+ "The Aristocrats": Everyone loves Paul Provenza‘s dirty-mouthed doc, though they’re quick to throw around some high-falutin’ labels: David Edelstein refers to it as "practically a classical symphony, with a theme, variations, variations that turn the theme inside out, and a coda," while to A. O. Scott it’s "an essay film, a work of painstaking and penetrating scholarship, and,
as such, one of the most original and rigorous pieces of criticism in
any medium I have encountered in quite some time" (he then points out it’s also "possibly the filthiest, vilest, most extravagantly obscene documentary ever made"). Stephanie Zacharek finds that it "moves with an acrobat’s timing. (I’ve seen French art house movies that aren’t nearly so beautifully made.)" Ben Kenigsberg is the only one who finds its a little lacking in heft. And everyone has their favorites among the 60-odd deliveries of the film’s central joke: Scott likes Sarah Silverman, Edelstein singles out Gilbert Gottfried and Steven Wright, and Zacharek and Kenigsberg also go with Gottfried, who may have well inspired the film with what apparently serves as its centerpiece: his telling of the joke at the September 2001 Friar’s Club roast of Hugh Hefner. It was painfully close to 9/11 for any attempts at comedy at all, much less the Twin Towers joke Gottfried went for. As the audience booed, he quickly starts regaling them with the dirtiest joke in the biz. Zacharek: "His staccato, crisply enunciated, ear-splittingly nasal delivery turns the joke into a kind of ‘Mona Lisa’ of perfection."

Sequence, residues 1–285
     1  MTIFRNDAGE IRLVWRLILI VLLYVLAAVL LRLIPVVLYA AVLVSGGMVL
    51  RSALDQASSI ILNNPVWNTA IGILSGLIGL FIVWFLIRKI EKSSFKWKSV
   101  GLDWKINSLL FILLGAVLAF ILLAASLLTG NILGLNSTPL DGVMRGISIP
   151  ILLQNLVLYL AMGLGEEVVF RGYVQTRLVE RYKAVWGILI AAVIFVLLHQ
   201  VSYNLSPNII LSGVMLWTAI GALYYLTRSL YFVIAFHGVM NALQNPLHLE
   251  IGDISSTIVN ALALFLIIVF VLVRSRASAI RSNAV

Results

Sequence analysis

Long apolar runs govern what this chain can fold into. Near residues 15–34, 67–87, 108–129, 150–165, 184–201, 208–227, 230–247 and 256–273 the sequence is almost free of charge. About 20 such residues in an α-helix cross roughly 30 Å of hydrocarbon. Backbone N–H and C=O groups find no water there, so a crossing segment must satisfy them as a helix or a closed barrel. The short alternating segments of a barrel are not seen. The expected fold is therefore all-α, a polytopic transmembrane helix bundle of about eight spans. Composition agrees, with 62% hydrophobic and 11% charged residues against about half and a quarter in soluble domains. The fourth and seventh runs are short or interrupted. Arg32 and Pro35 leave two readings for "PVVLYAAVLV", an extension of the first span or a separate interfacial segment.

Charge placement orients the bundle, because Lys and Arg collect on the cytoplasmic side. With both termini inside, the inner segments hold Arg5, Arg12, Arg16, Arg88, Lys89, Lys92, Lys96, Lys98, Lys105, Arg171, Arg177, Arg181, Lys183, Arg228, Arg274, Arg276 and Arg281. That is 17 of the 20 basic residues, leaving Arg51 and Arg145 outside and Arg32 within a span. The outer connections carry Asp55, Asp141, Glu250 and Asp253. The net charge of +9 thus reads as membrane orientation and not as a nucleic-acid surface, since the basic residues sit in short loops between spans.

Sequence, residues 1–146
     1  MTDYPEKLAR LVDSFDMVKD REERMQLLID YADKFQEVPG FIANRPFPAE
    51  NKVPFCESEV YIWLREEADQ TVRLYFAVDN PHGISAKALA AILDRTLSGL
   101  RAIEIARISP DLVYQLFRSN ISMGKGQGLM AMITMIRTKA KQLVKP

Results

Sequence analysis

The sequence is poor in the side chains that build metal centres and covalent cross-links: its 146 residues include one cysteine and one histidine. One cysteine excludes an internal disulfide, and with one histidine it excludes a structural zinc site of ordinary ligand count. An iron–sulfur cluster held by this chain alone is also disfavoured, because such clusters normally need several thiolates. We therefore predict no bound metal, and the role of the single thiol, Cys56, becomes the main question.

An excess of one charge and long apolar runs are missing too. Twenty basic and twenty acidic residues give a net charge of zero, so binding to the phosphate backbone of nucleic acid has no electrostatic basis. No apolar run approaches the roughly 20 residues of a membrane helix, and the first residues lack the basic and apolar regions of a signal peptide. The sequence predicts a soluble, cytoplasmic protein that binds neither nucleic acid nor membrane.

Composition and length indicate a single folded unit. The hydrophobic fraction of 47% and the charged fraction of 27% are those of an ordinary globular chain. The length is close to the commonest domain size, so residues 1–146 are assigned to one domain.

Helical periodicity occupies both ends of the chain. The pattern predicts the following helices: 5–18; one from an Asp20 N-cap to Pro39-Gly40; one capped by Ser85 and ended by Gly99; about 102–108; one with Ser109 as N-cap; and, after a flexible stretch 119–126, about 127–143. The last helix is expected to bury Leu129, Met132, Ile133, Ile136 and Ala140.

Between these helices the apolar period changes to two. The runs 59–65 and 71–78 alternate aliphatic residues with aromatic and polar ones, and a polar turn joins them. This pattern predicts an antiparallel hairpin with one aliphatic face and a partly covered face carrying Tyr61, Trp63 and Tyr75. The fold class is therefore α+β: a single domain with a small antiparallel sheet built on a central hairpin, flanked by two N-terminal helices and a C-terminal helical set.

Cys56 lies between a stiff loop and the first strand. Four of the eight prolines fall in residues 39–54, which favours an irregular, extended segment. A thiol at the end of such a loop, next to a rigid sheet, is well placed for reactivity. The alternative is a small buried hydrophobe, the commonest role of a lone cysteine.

+ "Tony Takitani": An adaptation of a shorts story running a mere 75 minutes, Jun Ichikawa‘s melacholy feature can’t help be airy, "a delicate wisp of a film with a surprisingly sharp sting," as La Manohla puts it, based on what Dennis Lim refers to as "a mere wisp of a short story." Lim comes across as the biggest fan of the generator of the film’s source material, Haruki Murakami, angling his article toward how the film captures the author’s distinctive voice ("’Takitani’ is Murakami in miniature, a brief, precise inventory of the
novelist’s themes: cosmic loneliness, the shadow of mortality, jazz,
the coincidence of materialist abundance and spiritual barrenness."), while Jeff Reichert devotes more of his article to the writer than the film itself, which he finds too slight.
+ Zagat-style bonus â€” "Stealth": "The sort of movie that makes you pine for Michael Bay ," "Stealth" is "a sort of retarded ‘Top Gun,’" "a dumbed-down "Top Gun,’" or maybe just "a hash of ‘Top Gun’ and ‘Behind Enemy Lines.’" Most find stars Jessica Biel, Josh Lucas and Jamie Foxx to be merely "decorative," though some think Foxx "in his speech on Oscar night should have thanked God this movie wasn’t released while the voters were marking their ballots." The plot "resembles an out-of-work screenwriter’s garage sale," accompanied by "a year’s worth of whooshing noises on the soundtrack" and "snicker-inducing dialogue," but most find the film to just be "stupid," save one who declared it "an obscenity" "[f]or a movie to pretend, in the face of the deaths of tens of thousands of Iraqi men, women, and children directly or indirectly caused by our presence there, that we can wage war without anyone really getting hurt."